If a naturalization application and the appeal (N-336) have been denied by US CIS, a naturalization applicant can appeal that decision to the United States District Court where he resides. The applicant has 120 days to appeal. An applicant can also request a hearing in federal court on the naturalization application. The District Court Judge will then make an independent decision on the case after hearing all the evidence. We represent individuals who believe that there applications have been erroneously decided and want to appeal to United States District Court.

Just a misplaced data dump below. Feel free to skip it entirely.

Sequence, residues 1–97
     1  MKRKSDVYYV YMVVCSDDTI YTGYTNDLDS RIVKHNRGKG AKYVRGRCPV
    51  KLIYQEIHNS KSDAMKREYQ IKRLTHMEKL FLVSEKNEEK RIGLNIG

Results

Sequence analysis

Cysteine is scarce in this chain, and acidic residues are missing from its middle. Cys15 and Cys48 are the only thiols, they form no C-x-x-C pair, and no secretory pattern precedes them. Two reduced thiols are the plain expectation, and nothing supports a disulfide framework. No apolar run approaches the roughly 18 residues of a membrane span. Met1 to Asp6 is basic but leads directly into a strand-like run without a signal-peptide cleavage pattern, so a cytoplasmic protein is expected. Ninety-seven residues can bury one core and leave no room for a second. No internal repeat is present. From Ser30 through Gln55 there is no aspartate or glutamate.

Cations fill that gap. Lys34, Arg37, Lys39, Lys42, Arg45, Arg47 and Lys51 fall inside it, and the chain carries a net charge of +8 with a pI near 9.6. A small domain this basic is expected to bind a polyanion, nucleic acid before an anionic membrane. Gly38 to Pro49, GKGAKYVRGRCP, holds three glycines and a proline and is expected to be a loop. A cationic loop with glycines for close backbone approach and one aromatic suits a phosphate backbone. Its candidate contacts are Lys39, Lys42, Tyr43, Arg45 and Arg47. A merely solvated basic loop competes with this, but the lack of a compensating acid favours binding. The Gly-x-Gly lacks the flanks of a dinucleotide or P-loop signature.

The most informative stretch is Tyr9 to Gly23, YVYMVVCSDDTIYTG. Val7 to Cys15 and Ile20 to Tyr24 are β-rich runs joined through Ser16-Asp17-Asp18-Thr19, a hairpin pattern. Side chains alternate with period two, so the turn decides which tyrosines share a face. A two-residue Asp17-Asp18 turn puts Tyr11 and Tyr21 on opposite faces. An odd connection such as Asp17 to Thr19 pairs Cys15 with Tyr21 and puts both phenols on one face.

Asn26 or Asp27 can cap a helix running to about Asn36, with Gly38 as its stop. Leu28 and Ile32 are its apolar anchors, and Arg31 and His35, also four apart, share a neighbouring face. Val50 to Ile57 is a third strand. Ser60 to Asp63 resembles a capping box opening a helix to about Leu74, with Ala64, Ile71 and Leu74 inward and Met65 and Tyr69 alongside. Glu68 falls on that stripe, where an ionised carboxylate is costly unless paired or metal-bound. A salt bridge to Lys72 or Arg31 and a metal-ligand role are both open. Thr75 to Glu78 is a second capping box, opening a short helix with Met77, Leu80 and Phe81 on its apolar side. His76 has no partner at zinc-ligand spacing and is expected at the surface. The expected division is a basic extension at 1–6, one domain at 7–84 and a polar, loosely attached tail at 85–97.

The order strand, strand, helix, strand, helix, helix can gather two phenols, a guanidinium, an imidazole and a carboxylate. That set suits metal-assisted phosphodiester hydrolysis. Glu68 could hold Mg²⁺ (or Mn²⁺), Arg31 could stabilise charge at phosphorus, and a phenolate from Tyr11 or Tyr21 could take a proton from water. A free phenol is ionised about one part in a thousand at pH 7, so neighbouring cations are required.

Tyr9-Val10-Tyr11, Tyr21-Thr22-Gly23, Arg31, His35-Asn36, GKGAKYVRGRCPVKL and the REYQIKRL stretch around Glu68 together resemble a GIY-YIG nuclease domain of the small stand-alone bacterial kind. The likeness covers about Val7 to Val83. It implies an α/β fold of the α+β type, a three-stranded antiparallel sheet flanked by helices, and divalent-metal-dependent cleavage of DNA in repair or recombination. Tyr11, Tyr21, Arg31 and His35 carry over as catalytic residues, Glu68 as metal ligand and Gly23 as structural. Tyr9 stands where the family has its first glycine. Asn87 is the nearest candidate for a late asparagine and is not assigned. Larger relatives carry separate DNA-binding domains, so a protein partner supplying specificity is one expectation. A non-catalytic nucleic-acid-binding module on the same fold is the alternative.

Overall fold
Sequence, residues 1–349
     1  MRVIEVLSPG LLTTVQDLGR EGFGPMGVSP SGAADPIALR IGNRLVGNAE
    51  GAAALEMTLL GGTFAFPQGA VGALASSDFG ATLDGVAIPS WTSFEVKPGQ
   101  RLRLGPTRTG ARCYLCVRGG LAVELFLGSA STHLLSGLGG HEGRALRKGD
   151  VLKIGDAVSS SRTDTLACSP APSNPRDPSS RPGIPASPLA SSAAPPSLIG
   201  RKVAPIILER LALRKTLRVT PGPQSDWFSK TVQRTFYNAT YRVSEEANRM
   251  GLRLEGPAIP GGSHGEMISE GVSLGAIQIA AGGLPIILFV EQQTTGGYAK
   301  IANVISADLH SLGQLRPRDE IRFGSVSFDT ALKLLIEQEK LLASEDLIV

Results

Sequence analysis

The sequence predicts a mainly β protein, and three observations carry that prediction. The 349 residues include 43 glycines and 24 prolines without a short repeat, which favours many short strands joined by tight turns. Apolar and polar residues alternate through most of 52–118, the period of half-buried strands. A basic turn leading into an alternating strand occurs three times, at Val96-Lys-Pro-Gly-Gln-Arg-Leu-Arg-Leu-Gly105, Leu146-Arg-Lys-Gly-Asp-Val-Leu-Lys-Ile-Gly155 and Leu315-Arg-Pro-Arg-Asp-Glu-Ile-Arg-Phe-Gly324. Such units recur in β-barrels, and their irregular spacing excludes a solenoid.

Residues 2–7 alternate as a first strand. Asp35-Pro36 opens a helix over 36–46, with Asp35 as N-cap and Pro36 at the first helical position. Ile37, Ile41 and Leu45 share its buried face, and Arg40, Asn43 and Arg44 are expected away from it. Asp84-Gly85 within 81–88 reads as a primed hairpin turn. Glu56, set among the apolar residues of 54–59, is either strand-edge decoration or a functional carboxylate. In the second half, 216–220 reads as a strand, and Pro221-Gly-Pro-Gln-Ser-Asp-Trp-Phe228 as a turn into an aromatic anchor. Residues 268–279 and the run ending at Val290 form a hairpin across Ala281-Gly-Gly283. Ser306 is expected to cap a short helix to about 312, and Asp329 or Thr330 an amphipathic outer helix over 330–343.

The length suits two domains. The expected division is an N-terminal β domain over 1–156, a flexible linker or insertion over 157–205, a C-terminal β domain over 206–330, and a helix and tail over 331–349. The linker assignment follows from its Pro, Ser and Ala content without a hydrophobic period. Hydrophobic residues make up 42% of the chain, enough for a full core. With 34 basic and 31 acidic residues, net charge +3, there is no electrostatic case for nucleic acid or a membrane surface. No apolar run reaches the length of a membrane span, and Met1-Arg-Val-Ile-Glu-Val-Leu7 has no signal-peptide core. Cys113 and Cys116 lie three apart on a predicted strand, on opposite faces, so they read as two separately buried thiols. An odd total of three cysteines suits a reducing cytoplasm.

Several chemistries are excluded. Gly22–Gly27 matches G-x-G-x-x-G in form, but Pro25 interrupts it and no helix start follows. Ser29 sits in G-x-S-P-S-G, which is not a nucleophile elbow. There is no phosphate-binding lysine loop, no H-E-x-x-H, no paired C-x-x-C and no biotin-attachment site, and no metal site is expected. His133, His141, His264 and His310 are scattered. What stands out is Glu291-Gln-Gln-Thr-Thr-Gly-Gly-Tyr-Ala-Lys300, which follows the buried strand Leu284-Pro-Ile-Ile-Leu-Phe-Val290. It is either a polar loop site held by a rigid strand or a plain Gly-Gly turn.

Our office also represents individuals who believe that US CIS erroneously denied their applications filed with CIS. Although there are restrictions on those decisions that can be reviewed be a federal court, we will evaluate the case and advise you as to whether we believe that the case can be reviewed in federal court. This is an option that should be considered because it is another avenue we use to challenge what we believe is an erroneous decision of CIS.
In our attorneys’ 200 combined years of experience with criminal immigration law, they have achieved some startling successes. In one case, we helped a man put in removal proceedings for a conviction on a weapons charge shortly after he became a lawful permanent resident. Attorney Scott Bratton successfully argued that our client was statutorily eligible for cancellation of removal despite the timing of his prior conviction, and our client is still in the United States and applying for citizenship. See our Criminal Success Stories for other examples.